Your Opinion: Applying metrics to a progressive state

Dear Editor:

Anyone following my submissions addressing the impact of the conservative policy consequences exemplified by the conservative exemplar, Mississippi, would expect me to verify my assertion by examining a progressive/liberal state on the same metrics. My choosing Massachusetts meets that expectation. All citations are independently verifiable.

Broadly, the metrics are divisible into wages, education and health. Per capita income in Massachusetts is second only to Connecticut. Median income ranks Massachusetts 5th after leader Maryland, New Hampshire, Connecticut and New Jersey. Massachusetts ranks 14th for fewest households in poverty behind eight blue states and five “red states” — none of them Mississippi, Alabama, Louisiana, Arkansas or Georgia, all states repeatedly appearing with Mississippi in the negative end of all metrics.

Judged for overall quality and commitment to education, Massachusetts ranks second after Maryland. On the simple measure of high-school graduation rates, Massachusetts also ranks in the top tier.

On the extensive policy metrics affecting length and quality of life, the differences are stark. On health of senior citizens, Massachusetts is third behind Vermont and New Hampshire. On the poverty metric for seniors, Massachusetts is clustered with 38 other states in a range from 6-10 percent. The federal guarantees embodied in Social Security and Medicare credibly have much to do with that cluster, so Mississippi, Arkansas, Louisiana, Texas, New Mexico, Tennessee, South Carolina, North Carolina and Georgia have to work to undermine that base of protection. Massachusetts has the sixth longest life expectancy after Hawaii, Minnesota, Colorado, New York and Connecticut.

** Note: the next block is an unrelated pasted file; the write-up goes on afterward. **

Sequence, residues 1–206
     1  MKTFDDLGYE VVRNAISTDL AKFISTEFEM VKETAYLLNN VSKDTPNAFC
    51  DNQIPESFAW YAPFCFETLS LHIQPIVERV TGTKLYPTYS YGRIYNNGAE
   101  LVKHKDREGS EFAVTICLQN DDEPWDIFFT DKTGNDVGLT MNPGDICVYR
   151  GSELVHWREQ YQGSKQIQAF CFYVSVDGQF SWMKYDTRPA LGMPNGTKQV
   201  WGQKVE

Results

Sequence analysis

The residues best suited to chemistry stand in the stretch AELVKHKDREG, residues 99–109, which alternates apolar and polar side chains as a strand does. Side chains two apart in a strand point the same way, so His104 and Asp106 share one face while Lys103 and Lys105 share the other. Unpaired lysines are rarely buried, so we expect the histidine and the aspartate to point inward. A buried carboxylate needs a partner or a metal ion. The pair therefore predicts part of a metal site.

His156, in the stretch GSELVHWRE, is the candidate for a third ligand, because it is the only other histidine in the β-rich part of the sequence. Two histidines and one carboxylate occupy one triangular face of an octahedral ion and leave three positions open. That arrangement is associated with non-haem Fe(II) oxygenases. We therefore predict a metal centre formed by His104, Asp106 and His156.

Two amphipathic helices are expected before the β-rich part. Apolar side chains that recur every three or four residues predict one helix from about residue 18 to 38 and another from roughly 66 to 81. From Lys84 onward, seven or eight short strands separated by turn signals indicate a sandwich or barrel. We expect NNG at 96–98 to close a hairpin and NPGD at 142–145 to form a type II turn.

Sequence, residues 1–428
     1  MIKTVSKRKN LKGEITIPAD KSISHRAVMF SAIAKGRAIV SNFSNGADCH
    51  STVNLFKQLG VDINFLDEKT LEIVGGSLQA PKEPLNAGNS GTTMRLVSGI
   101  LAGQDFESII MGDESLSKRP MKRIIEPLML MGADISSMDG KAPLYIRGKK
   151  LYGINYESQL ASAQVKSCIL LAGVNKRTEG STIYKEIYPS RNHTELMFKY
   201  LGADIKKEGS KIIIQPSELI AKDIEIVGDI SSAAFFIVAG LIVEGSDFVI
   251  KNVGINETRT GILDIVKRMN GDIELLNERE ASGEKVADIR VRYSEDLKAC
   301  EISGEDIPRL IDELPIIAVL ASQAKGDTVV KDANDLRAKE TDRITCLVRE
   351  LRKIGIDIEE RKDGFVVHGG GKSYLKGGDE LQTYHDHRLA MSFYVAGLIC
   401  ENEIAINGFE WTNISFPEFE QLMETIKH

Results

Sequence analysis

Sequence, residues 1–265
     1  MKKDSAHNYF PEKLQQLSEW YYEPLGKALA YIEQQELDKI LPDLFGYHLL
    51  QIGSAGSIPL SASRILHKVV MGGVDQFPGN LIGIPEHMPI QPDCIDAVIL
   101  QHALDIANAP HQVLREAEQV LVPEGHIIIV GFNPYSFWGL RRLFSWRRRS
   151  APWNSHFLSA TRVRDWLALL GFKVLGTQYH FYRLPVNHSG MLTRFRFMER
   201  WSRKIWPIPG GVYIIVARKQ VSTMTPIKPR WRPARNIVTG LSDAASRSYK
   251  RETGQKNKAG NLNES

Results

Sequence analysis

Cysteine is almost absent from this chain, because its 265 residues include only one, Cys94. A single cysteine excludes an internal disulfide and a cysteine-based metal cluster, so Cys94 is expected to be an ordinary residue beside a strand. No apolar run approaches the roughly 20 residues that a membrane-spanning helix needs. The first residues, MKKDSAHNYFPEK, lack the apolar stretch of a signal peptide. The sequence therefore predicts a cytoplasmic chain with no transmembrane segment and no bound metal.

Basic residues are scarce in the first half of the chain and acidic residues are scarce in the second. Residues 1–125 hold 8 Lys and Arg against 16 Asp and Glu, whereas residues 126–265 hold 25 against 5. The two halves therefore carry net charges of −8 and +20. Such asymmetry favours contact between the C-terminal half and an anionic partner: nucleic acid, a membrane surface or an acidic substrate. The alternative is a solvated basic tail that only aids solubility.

For all age groups, Massachusetts placed third for overall health care, after Vermont and Utah. Ranked for obesity and diabetes, Massachusetts ranks lowest for diabetes and fifth lowest for obesity behind the District of Columbia, Hawaii, Colorado and Utah Massachusetts ranks first for availability of primary care physicians.

For children and teens, Massachusetts ranks lowest for death rates in both age groups. For death from firearms, Massachusetts ranks lowest in one source and tied with Connecticut for second to New Hampshire in another. Massachusetts ranks fourth in lowest infant mortality to Montana, Vermont and Minnesota. Their worst performance is 19th-best for low birth weight. Essentially, the state does better than 30 others in low birth weight but better than 46 for keeping them alive.

The preferred policy exemplar would seem to be Massachusetts and Mississippi can thank Massachusetts for donating $.23 of that redistributive $1.02 of federal tax benefit received by Mississippi.

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